What is String Gauge?
Guitar strings are really thin in diameter. So thin in fact, that string manufacturers need to give us a quantifiable measurement for us regular players to understand. The smaller the number, the thinner the string. The higher the number, the thicker it is.
For example, a .008mm string is extremely light and would generally be used as the thinnest string on an electric guitar. A .056mm string is very thick and would likely be the largest on a six-string electric guitar.
Lots of companies refer to their packs of strings by the thinnest string. The most common you’ll encounter are 9s, 10s and 11s. Some brands give generic names to their string sets like light, medium, or heavy.
However, the thickness of equivalent strings will vary from brand to brand. For example, you might see Ernie Ball make a set almost identical to D’Addario, but one has a third string measuring in at .018mm, while the other is .016mm. That is why it’s important to understand what you’re buying and what’s changing when you buy a new set of strings.
Why String Gauge Matters
Guitar strings determine more in your music and how you approach the instrument than you might think. Different gauges provide a variety of sounds and affect both fretting and strumming hands. Let’s compare two sets of strings:
.009 .011 .016 .024 .032 .042
.011 .015 .018 .026 .036 .050
The first set is thinner across every string than the first. That means, in general, they’ll be “easier” to play for many beginner guitarists, because they require less finger strength to fret and bend. On the other hand, they do require more precision to really add flavour to your playing and master techniques like a delicate vibrato, legato or arpeggios.
Thicker strings hold more tension across the fretboard, making them feel taught and deliberate to strum, but tougher to bend. They’ll build up picking endurance in your fretting hand the more you use them, but you may have to work up to a certain level before you try them out. You will also have to learn a little about guitar setup to adjust your string height – especially if you’re replacing thin strings, as you’ll likely get fret buzz from the larger strings hitting the frets in front of the one you play.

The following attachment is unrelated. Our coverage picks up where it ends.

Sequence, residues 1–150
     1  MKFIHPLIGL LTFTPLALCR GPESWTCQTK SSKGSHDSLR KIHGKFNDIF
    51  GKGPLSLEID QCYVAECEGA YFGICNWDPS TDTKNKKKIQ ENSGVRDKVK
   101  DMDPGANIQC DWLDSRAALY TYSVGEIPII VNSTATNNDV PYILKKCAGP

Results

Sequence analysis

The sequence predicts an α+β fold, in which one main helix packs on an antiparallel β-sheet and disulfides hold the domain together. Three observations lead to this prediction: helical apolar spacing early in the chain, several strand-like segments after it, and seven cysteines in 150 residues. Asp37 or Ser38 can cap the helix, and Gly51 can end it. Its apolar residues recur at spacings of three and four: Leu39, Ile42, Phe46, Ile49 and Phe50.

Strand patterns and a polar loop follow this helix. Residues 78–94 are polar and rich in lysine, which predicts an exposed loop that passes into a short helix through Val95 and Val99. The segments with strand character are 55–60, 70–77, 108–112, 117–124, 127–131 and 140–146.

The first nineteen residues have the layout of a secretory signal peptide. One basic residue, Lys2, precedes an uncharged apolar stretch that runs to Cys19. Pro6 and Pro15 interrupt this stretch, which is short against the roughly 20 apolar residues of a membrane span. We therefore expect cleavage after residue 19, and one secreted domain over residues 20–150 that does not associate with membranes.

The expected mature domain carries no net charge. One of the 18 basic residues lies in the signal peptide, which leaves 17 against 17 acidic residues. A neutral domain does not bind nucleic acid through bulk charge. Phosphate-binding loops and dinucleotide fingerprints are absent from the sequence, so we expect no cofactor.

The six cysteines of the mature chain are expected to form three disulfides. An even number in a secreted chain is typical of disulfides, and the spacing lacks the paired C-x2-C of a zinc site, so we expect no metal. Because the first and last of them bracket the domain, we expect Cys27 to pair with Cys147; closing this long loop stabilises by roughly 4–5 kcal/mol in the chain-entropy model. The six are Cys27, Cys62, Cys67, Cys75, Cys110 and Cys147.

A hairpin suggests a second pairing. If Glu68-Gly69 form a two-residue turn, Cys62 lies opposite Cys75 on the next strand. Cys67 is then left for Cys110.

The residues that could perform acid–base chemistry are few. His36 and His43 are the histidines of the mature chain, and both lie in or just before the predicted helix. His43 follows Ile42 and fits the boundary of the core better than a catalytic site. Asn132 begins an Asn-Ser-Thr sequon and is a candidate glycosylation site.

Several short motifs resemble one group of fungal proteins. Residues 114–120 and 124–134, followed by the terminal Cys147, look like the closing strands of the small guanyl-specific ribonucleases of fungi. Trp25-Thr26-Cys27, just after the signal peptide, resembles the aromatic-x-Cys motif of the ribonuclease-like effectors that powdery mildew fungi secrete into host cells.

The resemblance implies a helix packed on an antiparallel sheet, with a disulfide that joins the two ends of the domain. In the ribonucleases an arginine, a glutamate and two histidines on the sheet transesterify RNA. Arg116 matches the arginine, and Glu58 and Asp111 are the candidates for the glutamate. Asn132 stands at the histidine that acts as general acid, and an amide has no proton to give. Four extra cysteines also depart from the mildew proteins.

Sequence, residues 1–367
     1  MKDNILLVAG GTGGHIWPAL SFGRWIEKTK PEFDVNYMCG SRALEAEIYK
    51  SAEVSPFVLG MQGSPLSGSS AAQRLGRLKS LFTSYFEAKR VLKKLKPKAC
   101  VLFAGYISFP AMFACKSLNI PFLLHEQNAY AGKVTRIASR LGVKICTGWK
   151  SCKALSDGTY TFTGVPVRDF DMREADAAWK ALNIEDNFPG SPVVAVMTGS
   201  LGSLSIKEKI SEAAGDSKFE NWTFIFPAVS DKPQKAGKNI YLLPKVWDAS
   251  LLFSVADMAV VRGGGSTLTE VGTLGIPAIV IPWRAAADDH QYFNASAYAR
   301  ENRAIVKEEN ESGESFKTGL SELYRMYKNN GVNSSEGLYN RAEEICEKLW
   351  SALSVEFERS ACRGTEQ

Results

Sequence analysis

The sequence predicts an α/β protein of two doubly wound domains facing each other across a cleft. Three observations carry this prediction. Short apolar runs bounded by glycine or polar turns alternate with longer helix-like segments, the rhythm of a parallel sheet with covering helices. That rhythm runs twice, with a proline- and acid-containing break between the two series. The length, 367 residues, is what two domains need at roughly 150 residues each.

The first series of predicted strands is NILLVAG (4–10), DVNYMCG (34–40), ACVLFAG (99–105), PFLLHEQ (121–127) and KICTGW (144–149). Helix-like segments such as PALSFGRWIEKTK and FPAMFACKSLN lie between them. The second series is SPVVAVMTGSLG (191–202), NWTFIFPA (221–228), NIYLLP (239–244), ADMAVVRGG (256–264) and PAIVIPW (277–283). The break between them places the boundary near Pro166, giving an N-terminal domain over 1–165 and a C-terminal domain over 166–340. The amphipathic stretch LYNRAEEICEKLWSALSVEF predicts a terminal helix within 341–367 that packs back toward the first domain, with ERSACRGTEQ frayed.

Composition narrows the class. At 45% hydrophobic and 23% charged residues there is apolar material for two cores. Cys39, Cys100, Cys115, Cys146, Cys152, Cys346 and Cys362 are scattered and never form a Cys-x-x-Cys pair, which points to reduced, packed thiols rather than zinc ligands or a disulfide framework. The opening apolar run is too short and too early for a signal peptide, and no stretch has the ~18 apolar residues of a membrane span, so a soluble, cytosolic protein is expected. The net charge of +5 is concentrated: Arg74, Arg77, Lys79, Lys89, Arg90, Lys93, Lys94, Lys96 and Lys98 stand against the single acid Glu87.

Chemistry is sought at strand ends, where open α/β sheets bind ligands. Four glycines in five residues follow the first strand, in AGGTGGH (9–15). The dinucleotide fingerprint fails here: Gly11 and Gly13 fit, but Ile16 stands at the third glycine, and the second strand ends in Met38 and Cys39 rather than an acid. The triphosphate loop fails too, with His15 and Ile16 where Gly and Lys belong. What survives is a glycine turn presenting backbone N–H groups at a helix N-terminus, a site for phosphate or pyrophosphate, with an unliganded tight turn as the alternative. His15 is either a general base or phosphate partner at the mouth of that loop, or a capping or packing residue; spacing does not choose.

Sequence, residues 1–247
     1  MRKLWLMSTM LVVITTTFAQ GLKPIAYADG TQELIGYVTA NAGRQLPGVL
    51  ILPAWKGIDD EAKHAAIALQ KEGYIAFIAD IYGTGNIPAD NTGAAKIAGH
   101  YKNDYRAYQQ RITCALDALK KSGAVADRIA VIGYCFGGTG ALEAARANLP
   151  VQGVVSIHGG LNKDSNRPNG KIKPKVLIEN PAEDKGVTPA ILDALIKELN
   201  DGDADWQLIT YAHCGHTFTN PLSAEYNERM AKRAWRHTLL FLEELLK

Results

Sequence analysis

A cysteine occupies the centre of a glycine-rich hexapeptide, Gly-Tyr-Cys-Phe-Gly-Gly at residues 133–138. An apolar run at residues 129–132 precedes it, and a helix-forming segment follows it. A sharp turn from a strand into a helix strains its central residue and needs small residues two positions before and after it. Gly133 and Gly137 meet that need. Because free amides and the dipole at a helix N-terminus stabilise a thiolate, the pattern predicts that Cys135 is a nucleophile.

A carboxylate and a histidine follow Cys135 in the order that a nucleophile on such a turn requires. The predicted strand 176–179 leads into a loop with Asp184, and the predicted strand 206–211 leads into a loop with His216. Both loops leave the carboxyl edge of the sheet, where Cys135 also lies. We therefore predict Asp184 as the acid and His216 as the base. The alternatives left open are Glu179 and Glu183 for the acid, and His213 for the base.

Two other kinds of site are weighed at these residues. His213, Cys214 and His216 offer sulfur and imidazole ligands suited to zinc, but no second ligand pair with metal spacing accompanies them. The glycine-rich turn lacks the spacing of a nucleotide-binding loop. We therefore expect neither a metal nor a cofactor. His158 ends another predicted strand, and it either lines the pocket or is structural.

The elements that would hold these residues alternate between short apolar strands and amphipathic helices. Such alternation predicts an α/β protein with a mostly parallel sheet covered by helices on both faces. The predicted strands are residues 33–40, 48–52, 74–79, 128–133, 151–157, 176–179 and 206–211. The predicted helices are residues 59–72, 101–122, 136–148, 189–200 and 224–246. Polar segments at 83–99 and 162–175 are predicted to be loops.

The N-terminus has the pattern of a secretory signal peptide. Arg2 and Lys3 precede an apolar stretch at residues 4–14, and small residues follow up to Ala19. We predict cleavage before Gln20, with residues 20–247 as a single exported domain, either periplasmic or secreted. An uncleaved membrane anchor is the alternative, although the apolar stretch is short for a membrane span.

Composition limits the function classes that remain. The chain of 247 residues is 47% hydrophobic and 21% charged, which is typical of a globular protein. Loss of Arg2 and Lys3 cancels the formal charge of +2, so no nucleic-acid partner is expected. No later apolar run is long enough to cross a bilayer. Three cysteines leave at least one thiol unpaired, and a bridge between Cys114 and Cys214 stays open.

Thick strings are great for rock and metal music, which usually favour bassy tones and drop tunings; they’ll retain tension as you allow some string slack when tuning down to lower notes. This is a major point in opting for thick strings over thin strings, which don’t sound quite as chunky or produce the power to accompany lower tunings. There are ways to get around this with hybrid packs, which we’ll get into later.
String Gauges by Music Genre
It’s worth stating that string gauge preference is extremely subjective, and you could use almost any gauge for any genre. But there are a few general guidelines to follow if you want to reproduce the types of sounds heard from your favourite musicians.
Thin Guitar Strings